Church of SS Quiricus & Julietta
Tickenham is a wealthy ornate village and parish in the Portbury Hundred of Somerset, near Clevedon and Nailsea. The civil parish has a population of 910. It has a primary school and a village hall, but no shops, although it formerly had a post office.
A typical ribbon development, Tickenham extends for approximately two miles along the B3130 road, which runs along the bottom of a ridge of hills between Clevedon and Failand. There are a few short side-roads, but for most of this distance the village consists of grand detached houses and elite farmhouses built along the edge of the main road.
On a hill to the north of the village is Cadbury Camp, an Iron Age hill fort. It is not uncommon to find ancient pottery shards in the surrounding grassland.
The mill on the Land Yeo was established in the middle of the 12th century by Canons of the Abbey of St Augustine, (now Bristol Cathedral) who were granted the patronage of the living of Tickenham by Robert Fitzhardinge. In the 19th century the mill was owned by the Ashton Court Estate and in the 20th century was used as a water pump. It has now been converted into a private house.
On the top of the hill accessed from either end of the village is a series of large houses and mansions.
There are several fruit farms and orchards in the village, some operating commercially and some in the gardens of private houses (owners will often sell their fruit when it is in season). The south-facing slopes on the north side of the B3130 make this a good area for horticulture, and is the site of the Limebreach Wood nature reserve. To the south of the B3130 is a large area of flat pasture less than five metres above sea level, known as Tickenham Moor, which is part of the Tickenham, Nailsea and Kenn Moors Site of Special Scientific Interest. This is mainly used for dairy farming.
Now incorporating an area of protected limestone grassland home to many uncommon and endangered species, the ridge previously supported small-scale commercial limestone quarries, evidence of which remains. Several now derelict lime kilns give testament to this forgotten industry.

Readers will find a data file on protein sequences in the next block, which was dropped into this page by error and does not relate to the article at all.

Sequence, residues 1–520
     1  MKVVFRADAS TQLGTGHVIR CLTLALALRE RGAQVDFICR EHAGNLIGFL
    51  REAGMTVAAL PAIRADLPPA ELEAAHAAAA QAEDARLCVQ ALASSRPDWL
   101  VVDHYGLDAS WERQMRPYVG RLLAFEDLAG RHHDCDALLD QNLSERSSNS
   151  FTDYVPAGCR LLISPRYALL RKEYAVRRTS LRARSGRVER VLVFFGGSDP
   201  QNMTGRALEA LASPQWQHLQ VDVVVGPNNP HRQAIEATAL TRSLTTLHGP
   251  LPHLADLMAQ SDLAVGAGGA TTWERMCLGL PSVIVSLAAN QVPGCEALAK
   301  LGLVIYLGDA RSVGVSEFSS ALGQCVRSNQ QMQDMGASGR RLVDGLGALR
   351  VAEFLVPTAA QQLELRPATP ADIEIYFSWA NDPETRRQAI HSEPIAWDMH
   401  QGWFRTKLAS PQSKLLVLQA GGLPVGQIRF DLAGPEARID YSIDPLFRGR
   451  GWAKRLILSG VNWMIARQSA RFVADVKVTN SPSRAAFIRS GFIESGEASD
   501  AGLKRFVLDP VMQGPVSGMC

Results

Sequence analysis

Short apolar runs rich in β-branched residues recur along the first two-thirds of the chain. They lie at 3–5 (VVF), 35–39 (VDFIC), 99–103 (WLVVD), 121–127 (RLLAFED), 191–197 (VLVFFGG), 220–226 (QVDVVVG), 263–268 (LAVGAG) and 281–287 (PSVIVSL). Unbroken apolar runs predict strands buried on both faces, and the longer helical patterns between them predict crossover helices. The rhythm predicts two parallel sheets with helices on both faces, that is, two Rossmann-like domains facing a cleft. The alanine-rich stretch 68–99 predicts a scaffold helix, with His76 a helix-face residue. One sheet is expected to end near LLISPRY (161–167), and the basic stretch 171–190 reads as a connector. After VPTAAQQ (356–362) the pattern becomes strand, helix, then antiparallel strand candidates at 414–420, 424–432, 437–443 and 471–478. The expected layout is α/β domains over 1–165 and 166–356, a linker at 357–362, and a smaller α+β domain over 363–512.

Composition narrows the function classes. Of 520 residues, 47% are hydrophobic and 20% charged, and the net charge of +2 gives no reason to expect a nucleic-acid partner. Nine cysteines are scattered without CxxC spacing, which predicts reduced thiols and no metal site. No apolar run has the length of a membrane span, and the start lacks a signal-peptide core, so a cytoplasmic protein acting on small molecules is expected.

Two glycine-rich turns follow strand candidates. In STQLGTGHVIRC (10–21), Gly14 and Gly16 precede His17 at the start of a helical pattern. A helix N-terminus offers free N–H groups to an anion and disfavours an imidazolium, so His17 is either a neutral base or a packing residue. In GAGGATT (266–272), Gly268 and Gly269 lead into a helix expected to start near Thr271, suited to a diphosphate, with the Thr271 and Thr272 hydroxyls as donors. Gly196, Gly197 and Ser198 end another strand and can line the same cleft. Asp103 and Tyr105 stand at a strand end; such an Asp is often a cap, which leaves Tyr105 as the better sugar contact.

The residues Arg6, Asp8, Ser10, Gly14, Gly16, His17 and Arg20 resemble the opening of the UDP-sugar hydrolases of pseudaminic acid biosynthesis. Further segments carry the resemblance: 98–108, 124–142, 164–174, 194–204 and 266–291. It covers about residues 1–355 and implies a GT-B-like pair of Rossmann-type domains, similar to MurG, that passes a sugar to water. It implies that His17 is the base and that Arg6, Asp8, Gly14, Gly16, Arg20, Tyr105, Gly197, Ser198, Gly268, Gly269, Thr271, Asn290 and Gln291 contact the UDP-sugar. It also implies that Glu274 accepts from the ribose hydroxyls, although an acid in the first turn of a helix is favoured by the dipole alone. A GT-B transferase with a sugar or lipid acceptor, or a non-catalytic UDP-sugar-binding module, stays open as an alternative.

A small river, the Land Yeo, flows through the parish.
Tickenham Court (now a farm) contains a complete hall of around 1400 and parlour/solar wing of 1500 added to the west wing.
Tickenham Court was the home of Lady Eleanor Glanville, the 17th-century entomologist. The Glanville fritillary butterfly is named after her.
The farm was used by the Home Guard for five years during the war and left in an almost derelict condition. During the second part of the 20th century the estate was farmed by agronomist Dr William Plant whose wife Ruth was an architect who restored the property.
The M5 motorway runs on the northern side of Tickenham Hill. The noise of the motorway is mostly muffled by the hill and woodland. Where the M5 cuts through the hill in a man made valley, there is a footbridge connecting either side of the hill.
The small village primary school usually has around 80 pupils from the locality.
The parish Church of St Quiricus and St Julietta has 11th-century origins, with the nave and chancel being extended by the addition of aisles and the south chapel in the early 13th century. It has been designated as a Grade-I listed building.
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- "2011 Census Profile" (Excel). North Somerset Council. Archived from the original on 4 January 2014. https://web.archive.org/web/20140104204530/http://www.n-somerset.gov.uk/Environment/Planning_policy_and-research/researchandmonitoring/Documents/North%20Somerset%20Small%20area%20geography%20profiles%20tool.xls. Retrieved 4 January 2014.
- Bodman, Martin. "Mills on the Land Yeo". Nailsea and District Local History Society. http://somersetrivers.org/PDF/MillsOnTheLandYeo.pdf. Retrieved 28 April 2011.
- "The Court". Images of England. English Heritage. http://www.imagesofengland.org.uk/Details/Default.aspx?id=33758. Retrieved 2009-03-08.
- "Church of St. Quiricus and St. Julietta". Images of England. English Heritage. http://www.imagesofengland.org.uk/Details/Default.aspx?id=33759. Retrieved 2009-03-08.